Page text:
Netflix UK TV review: Better Call Saul Season 5 (Episode 1 and 2)
Ivan Radford | On 01, Mar 2020
This contains minor spoilers for the set-up of Better Call Saul Season 5.
“I would choose my next words very carefully.” Those are the ominous words from Gus (Giancarlo Esposito) to Mike (Jonathan Banks) near the start of Better Call Saul Season 5, as Mike struggles with the things he’s done as Gus’ fixer. He seems to want to walk away from the whole shebang, after he killed construction boss Werner last season to make an example of him – he doesn’t take kindly to the other workers speaking badly of the deceased, but he takes even less kindly to the fact that he’s far from innocent himself. The drugs? The dodgy building work? Those aren’t problems. The killing of a man he grew to like? That rankles.
It’s telling that this is where we’re at in Better Call Saul’s penultimate season: we’ve reached the point where doing something illegal isn’t the problem, but what kind of criminal activity is being done. That’s the kind of world that Jimmy McGill has come to inhabit, a world that has been twisted by, and steeped in, his own moral justifications, where there’s a difference between good crime and bad crime, between good lies and bad lies.
That starting point means that there’s tension bubbling from the off, as Jimmy’s already-compromised perspective is thrown into sharp relief by Kim (Rhea Seehorn), who stands firmly outside of his world-view – or, to be accurate, thinks she does. She’s already knees-deep, though, and the moments when she realises it bring Better Call Saul to life. Almost immediately, she finds herself trying to convince her client to take a deal rather than go to court and, when they won’t agree, Jimmy tries to lead her into a short-con to trick them into taking the deal. It’s not the fact that his instinct is to deceive and cheat to get what he wants that sets an ominous mood, but the fact that she, despite herself, goes along with it anyway. In this prequel to Breaking Bad, where everyone’s fates are sealed, being corrupted is inevitable – the question is how it happens.
The fact that we still don’t know how Kim will depart the scene ahead of Walter White and Jesse Pinkman’s arrival makes her the best character in the whole show, and Rhea’s performance plays that balance between unavoidable tragedy and hopeful mystery perfectly; she’s the last bright glimpse of idealism and justice before the darkness descends.
Jimmy’s changing his name to Saul Goodman is just the first step in their growing apart, as she can’t see why he would opt for such branding. A beautifully edited montage, which sees Bob Odenkirk at his razzle-dazzle best, demonstrates how savvy a move it is, as he capitalises on the built-in target audience of anyone who bought one of his burner mobile phones. From faked elevator breakdowns to sweet-talking the prosecution, he rattles through as many clients as he can to both build his reputation and bring in some quick cash, confident that he can use Kim as his moral anchor, holding him back from going too far.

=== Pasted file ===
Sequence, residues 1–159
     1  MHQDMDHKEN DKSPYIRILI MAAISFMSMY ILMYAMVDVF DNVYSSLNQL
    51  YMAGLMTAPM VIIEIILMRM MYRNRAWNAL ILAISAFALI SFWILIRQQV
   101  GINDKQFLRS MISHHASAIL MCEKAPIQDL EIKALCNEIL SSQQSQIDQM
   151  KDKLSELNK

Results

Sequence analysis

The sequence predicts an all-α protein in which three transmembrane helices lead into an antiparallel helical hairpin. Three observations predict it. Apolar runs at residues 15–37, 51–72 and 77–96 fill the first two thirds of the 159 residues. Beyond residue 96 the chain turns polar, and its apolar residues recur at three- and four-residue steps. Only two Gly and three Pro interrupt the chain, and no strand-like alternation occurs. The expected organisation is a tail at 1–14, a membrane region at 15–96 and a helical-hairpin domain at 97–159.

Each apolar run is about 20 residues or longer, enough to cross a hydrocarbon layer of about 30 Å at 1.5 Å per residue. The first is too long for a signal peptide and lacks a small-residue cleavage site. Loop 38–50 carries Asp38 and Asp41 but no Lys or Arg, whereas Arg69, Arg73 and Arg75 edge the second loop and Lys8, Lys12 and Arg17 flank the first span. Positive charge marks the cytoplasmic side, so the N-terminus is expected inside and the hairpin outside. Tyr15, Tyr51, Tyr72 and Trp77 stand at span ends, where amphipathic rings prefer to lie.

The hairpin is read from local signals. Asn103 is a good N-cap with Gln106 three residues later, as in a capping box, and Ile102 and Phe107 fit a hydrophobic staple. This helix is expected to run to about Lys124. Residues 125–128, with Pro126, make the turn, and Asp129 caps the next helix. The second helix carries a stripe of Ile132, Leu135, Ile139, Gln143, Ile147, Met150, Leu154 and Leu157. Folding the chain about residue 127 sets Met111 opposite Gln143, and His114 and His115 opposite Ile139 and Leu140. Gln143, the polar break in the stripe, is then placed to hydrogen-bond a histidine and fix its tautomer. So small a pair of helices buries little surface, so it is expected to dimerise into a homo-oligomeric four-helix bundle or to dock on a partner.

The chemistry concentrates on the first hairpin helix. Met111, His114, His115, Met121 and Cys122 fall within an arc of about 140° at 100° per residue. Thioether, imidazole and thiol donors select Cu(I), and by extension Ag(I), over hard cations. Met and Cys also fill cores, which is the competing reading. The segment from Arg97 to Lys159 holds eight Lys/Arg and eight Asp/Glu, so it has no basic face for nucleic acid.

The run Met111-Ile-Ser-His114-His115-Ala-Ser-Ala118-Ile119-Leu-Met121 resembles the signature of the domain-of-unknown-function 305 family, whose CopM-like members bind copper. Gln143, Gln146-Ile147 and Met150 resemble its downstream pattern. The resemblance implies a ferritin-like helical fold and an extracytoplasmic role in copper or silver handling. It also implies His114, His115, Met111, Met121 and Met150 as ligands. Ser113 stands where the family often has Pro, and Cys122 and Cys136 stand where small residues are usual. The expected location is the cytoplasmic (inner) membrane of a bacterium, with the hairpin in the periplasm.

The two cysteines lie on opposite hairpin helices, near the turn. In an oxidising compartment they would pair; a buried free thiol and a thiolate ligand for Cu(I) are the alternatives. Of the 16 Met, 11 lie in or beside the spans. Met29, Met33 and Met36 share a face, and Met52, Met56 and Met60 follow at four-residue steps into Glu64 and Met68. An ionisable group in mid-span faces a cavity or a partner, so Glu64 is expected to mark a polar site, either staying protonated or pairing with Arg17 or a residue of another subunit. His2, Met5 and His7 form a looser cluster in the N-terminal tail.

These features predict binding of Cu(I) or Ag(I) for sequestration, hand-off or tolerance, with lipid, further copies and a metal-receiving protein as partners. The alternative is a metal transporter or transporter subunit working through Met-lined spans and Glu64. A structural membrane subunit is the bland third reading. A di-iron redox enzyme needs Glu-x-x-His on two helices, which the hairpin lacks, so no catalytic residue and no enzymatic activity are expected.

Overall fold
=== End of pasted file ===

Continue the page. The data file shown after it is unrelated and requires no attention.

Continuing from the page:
But that’s clearly self-delusion, as we see Kim reflecting on her descent to his level in a silhouetted stairwell – Better Call Saul’s use of shadows remains impeccable. Because while she told him not to offer a 50 per cent discount on “non-violent felonies”, he went ahead and did it anyway. A sweet moment in a house viewing reminds us that they can make each other laugh and feel happy, but neither of them are making smart decisions in their current relationship, doing things even after they tell themselves, and each other, they won’t.
Linking between together all of these strands, as ever, is Nacho, and Michael Mando’s performance as the young Varga family heir makes him so much more than just a plot device – he, too, is another character destined to disappear before Breaking Bad begins, which gives him a moral complexity almost at odds with the murky world in which he operates. With Lalo sniffing around Gus Fring, Nacho is in a tight spot, and he serves as the barometer for the whole series, as it braces for crunch time, leaving everyone unable to avoid the complications and consequences of their actions any longer.
The customary cold open in Omaha where Gene Takovic is laying low only reinforces that sense of lines being crossed, as Gene begins to worry he’s been recognised for his Albuquerque alter-ego. A brief appearance by the sadly late Robert Forster as Ed, the fixer, leaves Gene deciding to take care of things himself – exactly the kind of resolve required of every character at the start of Season 5, even if their every action is doomed to further dig their own graves.
Just look at the two drug-dealers who cause chaos in a vividly shot sequence at the start of Episode 2, and inevitably crop up again to cause problems for more than one other character. There’s a deja vu in how everyone keeps orbiting the same drain of criminality, even as they think they’re swimming against the current. It’s all good, man, Jimmy told Kim at the end of Season 4. Now, his monogrammed briefcase is the only thing tying him to the man he once was; JMM stands for “Justice Matters Most”, he decides. That justice, it will one day turn out, is inescapable. The words he chooses carefully now? They’re already irrelevant.
Better Call Saul Season 1 to 5 are available on Netflix UK, as part of an £8.99 monthly subscription. New episodes arrive on Tuesdays, within 24 hours of their US broadcast.